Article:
GAZA CITY — Israeli forces backed by artillery barrages and airstrikes launched a major ground offensive into Gaza late Thursday, marking a dramatic escalation of the 10-day-old conflict with the Palestinian militant group Hamas.
Spokesmen for the Israel Defense Forces said the goal of the offensive was limited: to destroy tunnels used by the militants to infiltrate into Israel. “This requires precise operations,” their statement said. Among the troops moving in were engineering units with armored bulldozers.
“We have hit Hamas hard and we will continue to hit Hamas hard,” Israel’s military said in a tweet shortly after thousands of Israeli soldiers entered Gaza.
It was Israel’s first ground incursion into Gaza since January 2009, when it engaged in a three-week battle with Hamas that killed more than 1,400 Palestinians and 13 Israelis. Thursday’s operation came hours after diplomatic efforts in Cairo to negotiate a long-term truce between Israel and Hamas failed.
The assault creates significant challenges and risks for Israel. Casualties could soar in a conflict that, as of Thursday, had claimed more than 200 Palestinian lives and left one Israeli dead. Israeli soldiers also face the prospect of a guerrilla war in Gaza’s densely populated territory.
Hamas has bolstered its arsenal since seizing control of Gaza in 2007. Over the past 10 days, it has shown a capability to target Israeli towns with longer-range rockets even as it faces heavy air bombardments by Israel. On Thursday evening, Hamas spokesman Fawzi Barhom warned that the Israelis “have taken a dangerous step.”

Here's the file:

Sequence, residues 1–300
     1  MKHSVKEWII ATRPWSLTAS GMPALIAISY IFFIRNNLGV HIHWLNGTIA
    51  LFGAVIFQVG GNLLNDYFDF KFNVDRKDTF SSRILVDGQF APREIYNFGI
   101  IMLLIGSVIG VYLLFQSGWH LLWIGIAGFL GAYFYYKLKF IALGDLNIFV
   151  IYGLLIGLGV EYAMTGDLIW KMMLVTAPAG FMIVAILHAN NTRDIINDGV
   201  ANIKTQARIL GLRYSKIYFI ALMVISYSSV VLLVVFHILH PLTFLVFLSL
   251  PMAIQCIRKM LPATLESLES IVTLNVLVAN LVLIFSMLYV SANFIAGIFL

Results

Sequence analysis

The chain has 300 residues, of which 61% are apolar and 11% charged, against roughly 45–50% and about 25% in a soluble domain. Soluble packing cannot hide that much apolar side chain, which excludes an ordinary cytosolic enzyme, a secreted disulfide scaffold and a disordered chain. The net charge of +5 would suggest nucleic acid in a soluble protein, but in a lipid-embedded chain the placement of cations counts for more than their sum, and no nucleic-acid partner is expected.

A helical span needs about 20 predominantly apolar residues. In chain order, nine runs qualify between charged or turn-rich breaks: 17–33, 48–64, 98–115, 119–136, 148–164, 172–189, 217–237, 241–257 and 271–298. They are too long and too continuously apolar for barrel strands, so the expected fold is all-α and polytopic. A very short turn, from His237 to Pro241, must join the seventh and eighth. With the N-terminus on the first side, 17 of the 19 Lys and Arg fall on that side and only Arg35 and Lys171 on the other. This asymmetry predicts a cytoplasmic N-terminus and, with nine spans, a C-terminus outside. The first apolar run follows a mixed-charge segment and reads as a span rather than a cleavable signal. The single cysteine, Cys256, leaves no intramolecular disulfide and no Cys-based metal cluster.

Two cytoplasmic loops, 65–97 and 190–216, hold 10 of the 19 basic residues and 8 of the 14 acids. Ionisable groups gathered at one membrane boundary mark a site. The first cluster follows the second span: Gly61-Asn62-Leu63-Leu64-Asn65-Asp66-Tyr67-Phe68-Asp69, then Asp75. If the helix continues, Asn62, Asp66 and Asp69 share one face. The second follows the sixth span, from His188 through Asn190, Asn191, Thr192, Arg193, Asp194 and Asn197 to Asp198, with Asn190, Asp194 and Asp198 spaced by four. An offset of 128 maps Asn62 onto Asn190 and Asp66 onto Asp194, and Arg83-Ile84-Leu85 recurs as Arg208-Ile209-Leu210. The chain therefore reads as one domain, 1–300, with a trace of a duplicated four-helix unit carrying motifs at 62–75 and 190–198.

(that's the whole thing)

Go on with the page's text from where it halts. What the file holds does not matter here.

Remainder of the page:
“They did not study the consequences,” he added. “The occupation forces will pay a high price, and Hamas is ready for this confrontation.”
The ground offensive began at 10 p.m. local time and involved dozens of infantry and artillery units, as well as air and naval support, said an Israel Defense Forces spokesman, Lt. Col. Peter Lerner. The military, he added, plans to call up 18,000 reserve troops in addition to the 50,000 reservists activated so far.
Lerner said the military’s activities along the southern part of the Gaza Strip were carried out in coordination with Egypt but did not elaborate.
In Gaza City, from a high floor in an apartment building, reporters watched heavy fire along the eastern and northern borders of the Gaza Strip.
The sky was lit as if by lightning strikes. There were sustained barrages of artillery, flares shooting through the night and drones flying overhead. Israeli warships fired from the Mediterranean Sea.
Hamas’s military wing, the Al-Qassam Brigades, reported fighting with Israeli troops near the Erez crossing, the only passage for people traveling between Israel and Gaza.
Electricity was out across Gaza City, and local residents poured into the Al Deira Hotel, where many foreign journalists are staying.
Ambulance drivers could be heard on police scanners saying they could not reach neighborhoods because of the shelling. Families who remained behind in areas that the Israelis warned should be cleared were calling relatives in Gaza City to say that the bombardment had trapped them.
It was unclear what triggered the ground invasion, although it had been under discussion in Israeli political and military circles for days. One possibility was an attempt by Hamas militants to infiltrate into Israel early Thursday morning.